Thank you very much for taking the time to read and review books by Velikovsky. It seems to me that you have tried to be fair when reviewing the theory presented in ‘Worlds in Collision’, and I appreciate the positive things you have written regarding Velikovsky. Here are some other comments:1. I suggest that scholars should not allow their opinions of Velikovsky’s ‘Worlds in Collision’ to prevent them from considering ideas in Velikovsky’s reconstruction of ancient history. Velikovsky used as a starting point for his reconstruction of ancient history the idea that a natural catastrophe (series of plagues) might be a common link between Egyptian and Israelite histories. However, there are plenty of reasons for supporting ideas in Velikovsky’s ‘Ages in Chaos’, ‘Oedipus and Akhnaton’, ‘Ramses II and His Time’, and ‘Peoples of the Sea’ that do not depend on Velikovsky’s theory in ‘Worlds in Collision’. One can question and criticize the conventional chronology of ancient Egypt, and reason that some of Velikovsky’s identifications and ideas on chronology are correct, without having to argue that a comet-like protoplanet caused catastrophes on Earth or that Venus is a new planet. The conventional chronology of ancient Egypt has been criticized by scholars such as Peter James, Egyptologist David Rohl, and field archaeologist David Down independently of the main thesis of ‘Worlds in Collision’. 2. Velikovsky’s ‘Worlds in Collision’ contains some minor speculation that flies and/or other lower life forms were brought to Earth by the theorized comet-like protoplanet. However, Velikovsky’s theory does not depend on this minor speculation, and many scientists have speculated about life on other planets. This issue and the Velikovsky controversy are discussed in ‘Carl Sagan and Immanuel Velikovsky’ by Charles Ginenthal. Ginenthal is editor of the journal ‘The Velikovskian’.3. Many facts about the planet Venus that are known today were not known in 1950 when Velikovsky argued in ‘Worlds in Collision’ that Venus is a new planet giving off heat from its core and that Venus once possessed a visible comet-like tail seen by ancient peoples. Yet it is now known that Venus has surface temperatures of nearly 900 degrees Fahrenheit, tens of thousands of volcanoes, a pristine, uneroded surface, and other unusual features. In some respects Venus has turned out to be remarkably consistent with Velikovsky’s ‘Worlds in Collision’ which was written before any space probes had been sent to Venus. I am not saying that Velikovsky’s Venus theory is proven or even probably right. However, I do think that it should be seriously considered by scientists. An interesting article about Venus can be found at the below internet address.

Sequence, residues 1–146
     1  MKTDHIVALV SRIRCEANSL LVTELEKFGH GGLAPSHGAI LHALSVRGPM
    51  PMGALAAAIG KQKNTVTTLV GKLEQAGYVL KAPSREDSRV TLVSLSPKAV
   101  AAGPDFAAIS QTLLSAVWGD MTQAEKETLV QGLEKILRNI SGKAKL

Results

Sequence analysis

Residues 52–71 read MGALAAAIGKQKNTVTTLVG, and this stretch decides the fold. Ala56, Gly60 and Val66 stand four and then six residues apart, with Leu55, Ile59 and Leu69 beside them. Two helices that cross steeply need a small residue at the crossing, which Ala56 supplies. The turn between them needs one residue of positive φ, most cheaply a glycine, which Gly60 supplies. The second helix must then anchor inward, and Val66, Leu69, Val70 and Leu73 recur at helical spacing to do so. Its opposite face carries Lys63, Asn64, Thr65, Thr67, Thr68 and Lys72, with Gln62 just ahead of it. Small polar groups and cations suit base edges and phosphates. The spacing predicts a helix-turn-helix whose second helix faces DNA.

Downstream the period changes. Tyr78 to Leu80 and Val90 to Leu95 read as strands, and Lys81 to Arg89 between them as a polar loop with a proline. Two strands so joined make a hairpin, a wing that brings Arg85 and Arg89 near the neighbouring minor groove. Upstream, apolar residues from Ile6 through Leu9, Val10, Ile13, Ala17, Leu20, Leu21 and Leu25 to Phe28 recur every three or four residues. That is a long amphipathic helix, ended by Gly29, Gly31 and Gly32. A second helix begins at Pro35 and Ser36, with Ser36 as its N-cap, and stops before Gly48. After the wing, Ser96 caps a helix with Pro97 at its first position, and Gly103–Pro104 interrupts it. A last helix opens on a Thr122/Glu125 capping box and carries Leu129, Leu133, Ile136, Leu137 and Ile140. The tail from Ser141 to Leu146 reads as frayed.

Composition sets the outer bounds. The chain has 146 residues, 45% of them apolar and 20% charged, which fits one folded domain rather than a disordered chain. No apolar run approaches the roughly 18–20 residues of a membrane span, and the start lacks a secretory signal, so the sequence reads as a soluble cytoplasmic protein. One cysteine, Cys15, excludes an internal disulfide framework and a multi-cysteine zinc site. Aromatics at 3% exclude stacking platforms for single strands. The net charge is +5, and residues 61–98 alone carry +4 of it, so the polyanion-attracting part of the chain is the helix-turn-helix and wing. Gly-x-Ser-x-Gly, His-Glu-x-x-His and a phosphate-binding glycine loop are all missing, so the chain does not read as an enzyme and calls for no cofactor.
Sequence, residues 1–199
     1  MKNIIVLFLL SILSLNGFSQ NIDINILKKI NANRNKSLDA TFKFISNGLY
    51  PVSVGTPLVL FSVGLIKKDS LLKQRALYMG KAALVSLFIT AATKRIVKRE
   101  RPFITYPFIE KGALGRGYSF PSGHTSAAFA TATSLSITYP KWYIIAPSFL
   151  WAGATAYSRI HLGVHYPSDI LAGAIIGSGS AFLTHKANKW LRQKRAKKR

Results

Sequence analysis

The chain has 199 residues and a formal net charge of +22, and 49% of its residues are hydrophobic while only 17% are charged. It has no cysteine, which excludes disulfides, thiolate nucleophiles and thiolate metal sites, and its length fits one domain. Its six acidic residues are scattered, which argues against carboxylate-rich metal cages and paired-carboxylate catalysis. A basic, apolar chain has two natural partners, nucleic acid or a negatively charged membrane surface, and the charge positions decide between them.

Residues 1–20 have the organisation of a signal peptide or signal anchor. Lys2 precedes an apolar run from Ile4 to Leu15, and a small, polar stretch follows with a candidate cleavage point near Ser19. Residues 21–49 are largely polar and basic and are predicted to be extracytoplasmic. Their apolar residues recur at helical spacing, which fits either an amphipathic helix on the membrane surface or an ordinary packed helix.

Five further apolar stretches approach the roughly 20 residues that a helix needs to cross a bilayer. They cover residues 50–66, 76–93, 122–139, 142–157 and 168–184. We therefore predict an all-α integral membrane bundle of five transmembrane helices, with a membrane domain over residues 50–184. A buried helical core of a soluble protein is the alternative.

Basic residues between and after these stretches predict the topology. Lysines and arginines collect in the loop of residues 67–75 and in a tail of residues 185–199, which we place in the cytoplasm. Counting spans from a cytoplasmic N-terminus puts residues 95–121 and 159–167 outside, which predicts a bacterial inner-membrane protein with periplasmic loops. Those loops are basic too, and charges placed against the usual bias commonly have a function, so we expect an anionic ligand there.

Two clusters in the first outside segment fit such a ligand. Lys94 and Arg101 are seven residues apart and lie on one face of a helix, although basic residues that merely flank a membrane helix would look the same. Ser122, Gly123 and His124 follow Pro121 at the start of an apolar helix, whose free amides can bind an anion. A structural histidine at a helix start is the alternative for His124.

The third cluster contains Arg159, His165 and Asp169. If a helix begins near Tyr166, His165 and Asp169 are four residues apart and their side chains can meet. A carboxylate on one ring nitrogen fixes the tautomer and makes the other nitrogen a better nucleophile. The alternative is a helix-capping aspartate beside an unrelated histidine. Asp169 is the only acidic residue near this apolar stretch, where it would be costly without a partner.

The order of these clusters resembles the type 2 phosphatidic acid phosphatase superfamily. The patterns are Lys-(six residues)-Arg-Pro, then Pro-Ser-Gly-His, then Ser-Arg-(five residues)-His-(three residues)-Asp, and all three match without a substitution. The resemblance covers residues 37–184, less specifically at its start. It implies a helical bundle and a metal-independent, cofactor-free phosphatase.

Adam Stuart


  4. Anonymous says:

    That's some amusing "interpretation" on Velikovsky's part. When I started reading the post, I expected something similar to the "eruption of a volcano" explanation.


  5. Nate says:

    Sorry. I'm the above "anonymous" poster.


  6. Anonymous says:

    Thank You Dr Mariottini

    Thank You for taking the time to have a look at Dr. Velikovsky's work regarding biblical chronology and castastrophism. Rather than comment at length, I would rather offer encouragement and support – I look forward to hearing whatever you have to say on this subject that I find inspiring. Whatever anyone may make of it, I find it deeply inspiring and worthy of serious thought because it involves so much that has come down to us as the heritage of humanity. I think that the perspective that comes from a background in biblical studies as well as archaeology will be a unique perspective on the Velikovsky work itself. Scientists have dismissed without looking because Velikovsky sees scriptural events as historical. – Religous people have disparaged because Velikovsky sees science in the 'miracles' and catastrophes. You actually work in science and also have a religious perspective. I believe your insight on these issues may be greater than these who are scientific or religous only, and will therefore go beyond these previous perspectives.People are of differing opinions about science, about even the scriptures themselves – as our troubled history has often shown . . . Yet perhaps Dr. Velikovsky is right to ask us to consider – even just for a moment – that when the scriptures and ancient accounts mention stones falling from the sky -that they actually are describing stones falling from the sky … whatever it was that happened in Egypt during the plagues – all the other peoples on the planet seem to have gone through a similar and simultaneous time of upheaval and climate change whatever happened – Something HappenedFrom there … I think the chronology needs work – I think a reduced chronology would be more consistent with the carbon dates in the ASH correspondence and with the traditions that have come to us through history and scripture. I don't think Israel would welcome the Queen Sheba and then forget who she was or where she came from, as modern history seems to have done. Velikovsky is right to point to Josephus – who says she was Queen of Egypt – that means Hatshepsut – there simply was no other female pharaoh until much later in the time of the Ptolemies and the chronology goes from there I am very interested to hear your thoughtsJohnny C Godowskips Nate Velikovsky wrote about the exploding volcano – saying that if divergent myths were found on different sides of an island, but both included fire coming from the mountain, one might separate or filter out the divergences in the stories and look to see if the volcano had in deed been active… is that what you were referring to? I would be interested to know what the exploding volcano is all about I am very much looking forward to the video series…